Have you ever been there?
No I haven’t, maybe I should go as some kind of pilgrimage.
You could present your tune to the mayor of Stoke!
Imagine! The villagers would be like, “Who the fuck are you?!”
You could be like, “Behold I have come from London to present you with this music!”. Where are from anyway?
Originally High Wycombe, but I’ve lived in east London for ages. I lived in Bristol for a while too, it’s funny because I used to play with Dan Pearce (Eats Everything) and Amos Nelson, who’s one half of Waifs & Strays about 10 or 15 years ago now. I was playing US garage in one room and they were playing hard house in the other.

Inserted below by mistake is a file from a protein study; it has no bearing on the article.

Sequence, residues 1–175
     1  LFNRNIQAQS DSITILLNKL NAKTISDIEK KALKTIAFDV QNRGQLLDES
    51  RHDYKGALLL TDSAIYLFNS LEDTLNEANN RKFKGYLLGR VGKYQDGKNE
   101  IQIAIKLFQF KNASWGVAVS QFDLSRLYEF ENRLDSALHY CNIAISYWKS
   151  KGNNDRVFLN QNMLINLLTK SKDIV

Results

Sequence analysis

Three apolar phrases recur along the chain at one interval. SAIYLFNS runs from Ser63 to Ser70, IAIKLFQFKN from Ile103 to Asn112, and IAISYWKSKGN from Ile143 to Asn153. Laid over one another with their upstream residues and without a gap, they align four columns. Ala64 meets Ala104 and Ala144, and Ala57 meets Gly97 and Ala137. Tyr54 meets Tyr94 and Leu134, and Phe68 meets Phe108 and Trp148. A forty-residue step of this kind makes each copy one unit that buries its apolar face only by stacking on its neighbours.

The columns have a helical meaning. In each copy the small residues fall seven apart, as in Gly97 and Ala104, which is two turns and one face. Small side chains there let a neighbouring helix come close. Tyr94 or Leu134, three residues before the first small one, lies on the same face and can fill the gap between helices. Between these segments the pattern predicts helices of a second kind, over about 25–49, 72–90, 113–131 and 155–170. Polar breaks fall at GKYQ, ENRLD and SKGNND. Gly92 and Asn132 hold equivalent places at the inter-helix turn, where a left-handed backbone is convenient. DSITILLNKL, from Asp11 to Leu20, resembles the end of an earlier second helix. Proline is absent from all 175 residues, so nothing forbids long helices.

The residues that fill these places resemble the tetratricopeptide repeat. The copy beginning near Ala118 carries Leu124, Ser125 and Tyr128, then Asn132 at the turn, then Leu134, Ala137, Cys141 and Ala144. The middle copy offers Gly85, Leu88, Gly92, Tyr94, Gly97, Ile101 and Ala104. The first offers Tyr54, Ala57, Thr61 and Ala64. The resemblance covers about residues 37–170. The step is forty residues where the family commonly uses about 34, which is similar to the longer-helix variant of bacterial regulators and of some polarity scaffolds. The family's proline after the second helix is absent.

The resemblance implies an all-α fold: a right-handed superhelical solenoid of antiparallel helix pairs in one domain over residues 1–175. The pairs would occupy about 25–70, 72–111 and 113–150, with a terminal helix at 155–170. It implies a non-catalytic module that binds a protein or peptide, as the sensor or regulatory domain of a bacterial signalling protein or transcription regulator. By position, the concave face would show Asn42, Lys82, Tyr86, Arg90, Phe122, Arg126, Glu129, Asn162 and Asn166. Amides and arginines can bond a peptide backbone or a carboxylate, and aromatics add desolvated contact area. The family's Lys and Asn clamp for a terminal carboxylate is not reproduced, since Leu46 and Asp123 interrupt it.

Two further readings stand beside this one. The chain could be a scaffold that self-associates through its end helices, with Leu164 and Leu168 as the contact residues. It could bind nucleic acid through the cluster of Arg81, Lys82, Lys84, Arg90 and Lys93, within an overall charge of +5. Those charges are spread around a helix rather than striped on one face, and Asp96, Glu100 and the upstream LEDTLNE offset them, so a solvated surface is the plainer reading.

It’s funny how far you’ve all come so far since then.
The thing is, particularly with Dan, he’s always been a good DJ but his meteoric rise is a good example of being able to write ‘that tune’. There’s no doubt that Dan’s a great DJ, but it sometimes happens that there are some people that write a good tune or two, go on tour and they’re not actually a good DJ. Dan’s a good example of going from almost nothing to being the best since electricity, which is cool because he’s a fucking dude. His Essential Mix last year was great, full on smashing it with loads of his own edits.
You’re quite similar in a way aren’t you, because you’ve got a big stock of your own stuff that no one else has..